24-26 May at Iles de Glenan


May 26th, 2017


France, North Atlantic 2017 – 2019

Written by

Richard Farrington

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By Richard. Posted on May 26th, 2017 in France, North Atlantic 2017 – 2019.

47:43.6N 3:59.7W

We left Port la Foret at lunchtime, having forayed (sic) ashore for bread and embarked 100 litres of diesel.  No discounts for heating in France – just the pump price of €1.40 a litre.

Low water at La Foret-Fouesnant

Light airs gradually filled in as we made the 10 mile passage to the Iles de Glenan and we had a lovely sail into a gentle south easterly.  As we approached the islands, we met the Glenans Sailing School fleet enjoying a spinnaker run down the north side of their archipelago.

Once inside the main reef, we anchored just to the north of the visitors moorings north east of Ile St Nicholas and started to adjust to the heat.  Up went the new bimini – the first time we have ever used it to keep the sun rather than the rain off- nice job Mr TecSew, thank you!

Around 2300, just as a chap thought about turning in, the wind sprang up from the North East and settled at about 14 knots.  No big issue as the reef was exposed by the low tide and provided enough of a breakwater; but as the tide rose, so did the wind and we ended up at 0300 in anchor watches as the wind reached 20 knots and the tidal stream started to push one or two boats quite close.  By 0600 things had eased down and Julie took the sensible decision to turn in!  We ignored the urge to get up at the usual time…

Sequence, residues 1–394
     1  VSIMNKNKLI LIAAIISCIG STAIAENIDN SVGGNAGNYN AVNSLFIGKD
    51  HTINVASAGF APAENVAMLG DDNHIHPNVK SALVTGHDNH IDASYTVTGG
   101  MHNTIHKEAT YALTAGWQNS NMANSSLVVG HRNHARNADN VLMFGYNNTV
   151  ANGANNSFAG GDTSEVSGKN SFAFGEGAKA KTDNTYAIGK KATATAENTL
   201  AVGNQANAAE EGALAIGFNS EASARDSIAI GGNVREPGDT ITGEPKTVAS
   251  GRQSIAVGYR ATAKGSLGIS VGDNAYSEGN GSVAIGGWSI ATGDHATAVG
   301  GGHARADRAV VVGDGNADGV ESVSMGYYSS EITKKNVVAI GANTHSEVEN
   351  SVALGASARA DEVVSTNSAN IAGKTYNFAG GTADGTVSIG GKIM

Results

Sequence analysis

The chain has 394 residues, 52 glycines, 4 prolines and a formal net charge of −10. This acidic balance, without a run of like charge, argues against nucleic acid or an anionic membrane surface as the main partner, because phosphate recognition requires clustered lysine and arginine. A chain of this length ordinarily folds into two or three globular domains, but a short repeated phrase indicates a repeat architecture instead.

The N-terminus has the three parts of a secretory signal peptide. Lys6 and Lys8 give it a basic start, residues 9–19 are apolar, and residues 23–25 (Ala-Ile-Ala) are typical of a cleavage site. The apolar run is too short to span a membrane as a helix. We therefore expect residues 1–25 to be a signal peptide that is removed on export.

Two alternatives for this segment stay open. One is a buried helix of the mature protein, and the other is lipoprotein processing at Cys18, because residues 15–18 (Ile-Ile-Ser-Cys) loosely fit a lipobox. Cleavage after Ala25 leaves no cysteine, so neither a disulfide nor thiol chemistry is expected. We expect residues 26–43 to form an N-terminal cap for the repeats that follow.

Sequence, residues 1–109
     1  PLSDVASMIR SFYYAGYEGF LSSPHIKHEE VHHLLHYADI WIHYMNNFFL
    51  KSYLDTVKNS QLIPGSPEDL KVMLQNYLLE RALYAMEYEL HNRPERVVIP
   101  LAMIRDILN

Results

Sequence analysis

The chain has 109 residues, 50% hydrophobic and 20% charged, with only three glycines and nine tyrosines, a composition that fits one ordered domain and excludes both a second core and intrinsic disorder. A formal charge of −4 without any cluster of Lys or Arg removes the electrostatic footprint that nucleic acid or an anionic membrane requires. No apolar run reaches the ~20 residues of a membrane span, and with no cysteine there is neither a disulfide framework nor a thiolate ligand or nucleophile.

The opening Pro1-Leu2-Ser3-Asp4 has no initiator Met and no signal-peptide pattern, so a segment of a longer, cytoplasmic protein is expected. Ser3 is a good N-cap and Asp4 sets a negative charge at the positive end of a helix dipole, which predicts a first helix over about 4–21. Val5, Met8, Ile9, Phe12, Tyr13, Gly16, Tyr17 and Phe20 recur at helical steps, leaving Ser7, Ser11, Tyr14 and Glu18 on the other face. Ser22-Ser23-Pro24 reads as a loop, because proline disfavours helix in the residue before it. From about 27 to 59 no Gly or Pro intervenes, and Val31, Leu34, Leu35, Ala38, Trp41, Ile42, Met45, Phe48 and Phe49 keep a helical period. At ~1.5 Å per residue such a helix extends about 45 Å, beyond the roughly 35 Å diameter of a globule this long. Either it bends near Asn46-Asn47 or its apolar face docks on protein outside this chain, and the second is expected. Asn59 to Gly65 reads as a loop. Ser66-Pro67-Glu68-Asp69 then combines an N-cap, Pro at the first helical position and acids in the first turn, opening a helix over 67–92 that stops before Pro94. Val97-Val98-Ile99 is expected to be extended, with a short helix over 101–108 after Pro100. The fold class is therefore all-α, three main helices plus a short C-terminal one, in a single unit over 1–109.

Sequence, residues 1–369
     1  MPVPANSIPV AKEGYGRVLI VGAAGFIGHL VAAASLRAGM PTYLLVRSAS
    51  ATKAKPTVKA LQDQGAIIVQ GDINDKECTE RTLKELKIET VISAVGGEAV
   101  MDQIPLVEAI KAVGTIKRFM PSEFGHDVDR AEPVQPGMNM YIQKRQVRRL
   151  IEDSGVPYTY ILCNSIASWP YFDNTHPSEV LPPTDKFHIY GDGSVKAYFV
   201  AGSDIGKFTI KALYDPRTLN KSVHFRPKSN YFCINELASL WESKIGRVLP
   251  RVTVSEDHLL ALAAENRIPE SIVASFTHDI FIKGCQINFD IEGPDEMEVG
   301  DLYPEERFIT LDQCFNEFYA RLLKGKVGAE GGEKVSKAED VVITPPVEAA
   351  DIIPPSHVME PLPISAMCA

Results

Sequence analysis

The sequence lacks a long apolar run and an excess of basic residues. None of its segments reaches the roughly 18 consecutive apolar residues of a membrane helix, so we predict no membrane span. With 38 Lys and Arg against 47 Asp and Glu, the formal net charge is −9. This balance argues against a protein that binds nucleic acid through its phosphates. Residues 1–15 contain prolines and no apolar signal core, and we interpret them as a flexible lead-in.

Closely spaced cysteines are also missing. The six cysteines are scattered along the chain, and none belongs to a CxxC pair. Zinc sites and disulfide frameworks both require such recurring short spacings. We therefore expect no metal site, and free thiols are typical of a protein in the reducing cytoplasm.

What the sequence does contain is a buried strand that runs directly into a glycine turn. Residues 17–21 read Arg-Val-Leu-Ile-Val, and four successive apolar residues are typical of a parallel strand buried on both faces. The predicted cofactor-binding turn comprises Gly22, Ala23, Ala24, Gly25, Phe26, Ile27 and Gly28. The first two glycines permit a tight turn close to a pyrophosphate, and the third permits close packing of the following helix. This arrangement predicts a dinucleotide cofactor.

But when we did, we found another glorious day and ventured ashore to explore.  The photographs speak for themselves.  A classic saltwater sand dune flora and fauna, shallow waters, Napoleonic fortifications, viviers, watersports everywhere and an endless stream of visitors arriving by vedette, RIB, yacht and jetski to enjoy the ice-white sandy beaches and every shade of blue and green you can imagine.

Escapade is towards the right of the picture

Glenans sailing school HQ at Ile Cigogne

Sunset in our anchorage… midweek in May!

We plan to visit Lorient next, to inspect Admiral Doenitz’s famous submarine pens…